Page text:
Facebook founder and CEO Mark Zuckerberg said in a statement on Thursday that the company is examining how is tools were used by presidential campaigns to promote ads or other content during the election.
In a video statement published on Facebook, Zuckerberg outlined nine steps his company will take to figure out how inauthentic accounts linked to Russia were able to use the platform to spread fake news and purchase $US100,000 worth of political ads during the election.
In doing so, Facebook will not only look into “foreign actors, including additional Russian groups and other former Soviet states,” but also “organisations like the campaigns” to further its “understanding of how they used our tools.”
Zuckerberg’s comments mark the first time Facebook has indicated that campaign activity on Facebook is being scrutinised alongside that of foreign actors.
Zuckerberg did not refer to President Donald Trump’s campaign specifically. But congressional intelligence committees are homing in on the Trump campaign’s data operation as a potential trove of incriminating information.
Democratic Rep. Adam Schiff, the ranking member of the House Intelligence Committee, told MSNBC earlier this month that he wanted to know the sophistication of the Russian-bought ads, in terms of their content and targets, to determine whether they had any help from the Trump campaign.
The committee also wants to interview the digital director for Trump’s campaign, Brad Parscale, who worked closely with Trump’s son-in-law Jared Kushner, now a senior White House adviser.
Kushner was put in charge of the campaign’s data operation, and the FBI is now scrutinizing his contacts in December with the Russian ambassador to the US and the CEO of a sanctioned Russian bank.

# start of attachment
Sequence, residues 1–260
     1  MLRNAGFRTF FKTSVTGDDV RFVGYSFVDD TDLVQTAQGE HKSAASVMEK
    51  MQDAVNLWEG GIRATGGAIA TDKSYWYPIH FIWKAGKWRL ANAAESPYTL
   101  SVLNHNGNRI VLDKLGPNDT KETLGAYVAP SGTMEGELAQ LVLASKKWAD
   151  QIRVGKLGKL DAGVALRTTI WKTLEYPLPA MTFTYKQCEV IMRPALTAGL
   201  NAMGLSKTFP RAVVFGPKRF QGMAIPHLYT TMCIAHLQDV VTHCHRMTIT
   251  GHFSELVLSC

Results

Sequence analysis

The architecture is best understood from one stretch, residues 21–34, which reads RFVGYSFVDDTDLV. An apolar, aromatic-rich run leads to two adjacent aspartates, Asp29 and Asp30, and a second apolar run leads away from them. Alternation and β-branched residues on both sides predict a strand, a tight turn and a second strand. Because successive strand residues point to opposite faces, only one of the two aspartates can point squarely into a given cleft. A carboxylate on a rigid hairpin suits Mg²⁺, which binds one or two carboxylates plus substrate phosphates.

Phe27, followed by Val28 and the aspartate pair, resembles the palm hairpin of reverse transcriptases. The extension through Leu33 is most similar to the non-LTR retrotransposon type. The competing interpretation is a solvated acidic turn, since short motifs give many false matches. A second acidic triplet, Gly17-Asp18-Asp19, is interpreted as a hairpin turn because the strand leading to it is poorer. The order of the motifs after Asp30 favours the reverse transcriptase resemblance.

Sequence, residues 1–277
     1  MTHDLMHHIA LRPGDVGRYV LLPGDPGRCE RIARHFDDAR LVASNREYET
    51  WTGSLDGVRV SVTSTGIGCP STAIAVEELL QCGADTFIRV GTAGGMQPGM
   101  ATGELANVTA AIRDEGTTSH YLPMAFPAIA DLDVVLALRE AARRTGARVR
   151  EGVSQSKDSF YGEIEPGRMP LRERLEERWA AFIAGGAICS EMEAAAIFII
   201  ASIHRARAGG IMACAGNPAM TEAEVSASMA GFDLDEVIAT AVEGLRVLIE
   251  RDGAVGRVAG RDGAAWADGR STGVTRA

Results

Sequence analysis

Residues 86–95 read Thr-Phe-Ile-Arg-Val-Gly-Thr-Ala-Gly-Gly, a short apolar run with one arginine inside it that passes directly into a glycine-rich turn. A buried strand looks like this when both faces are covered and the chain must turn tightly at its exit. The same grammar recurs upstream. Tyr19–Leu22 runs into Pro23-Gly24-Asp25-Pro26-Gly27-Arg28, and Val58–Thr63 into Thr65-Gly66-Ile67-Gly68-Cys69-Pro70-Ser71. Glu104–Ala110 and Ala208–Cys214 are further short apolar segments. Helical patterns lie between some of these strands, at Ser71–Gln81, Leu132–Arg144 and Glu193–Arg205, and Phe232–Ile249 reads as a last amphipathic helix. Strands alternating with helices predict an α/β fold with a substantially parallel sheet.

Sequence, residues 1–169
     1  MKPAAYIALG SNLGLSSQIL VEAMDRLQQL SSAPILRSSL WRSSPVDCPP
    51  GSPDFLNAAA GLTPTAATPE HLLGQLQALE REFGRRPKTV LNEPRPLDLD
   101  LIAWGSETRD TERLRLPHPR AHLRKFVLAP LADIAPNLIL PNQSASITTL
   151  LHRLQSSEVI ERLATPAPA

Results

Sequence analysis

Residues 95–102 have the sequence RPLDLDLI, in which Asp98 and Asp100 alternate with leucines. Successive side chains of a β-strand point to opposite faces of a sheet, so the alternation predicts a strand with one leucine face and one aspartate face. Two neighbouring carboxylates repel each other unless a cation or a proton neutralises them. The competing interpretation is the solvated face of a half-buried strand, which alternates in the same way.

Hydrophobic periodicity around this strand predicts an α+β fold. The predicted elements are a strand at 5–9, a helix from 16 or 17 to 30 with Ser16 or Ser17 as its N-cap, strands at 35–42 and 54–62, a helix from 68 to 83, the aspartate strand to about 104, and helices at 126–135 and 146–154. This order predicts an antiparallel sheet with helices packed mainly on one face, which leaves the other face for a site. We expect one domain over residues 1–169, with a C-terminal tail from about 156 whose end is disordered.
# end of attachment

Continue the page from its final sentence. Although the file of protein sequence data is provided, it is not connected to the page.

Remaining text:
Facebook said in a statement earlier this month that about 25% of the ads purchased by Russians during the election “were geographically targeted,” though many analysts have said they find it difficult to believe that foreign entities would have had the kind of granular knowledge of American politics necessary to target specific demographics and voting precincts.
In a postelection interview, Kushner told Forbes that he had been keenly interested in Facebook’s “micro-targeting” capabilities from early on.
“I called somebody who works for one of the technology companies that I work with, and I had them give me a tutorial on how to use Facebook micro-targeting,” Kushner said.
“We brought in Cambridge Analytica,” he continued. “I called some of my friends from Silicon Valley who were some of the best digital marketers in the world. And I asked them how to scale this stuff … We basically had to build a $US400 million operation with 1,500 people operating in 50 states, in five months to then be taken apart. We started really from scratch.”
NOW WATCH: Briefing videos
Business Insider Emails & Alerts
Site highlights each day to your inbox.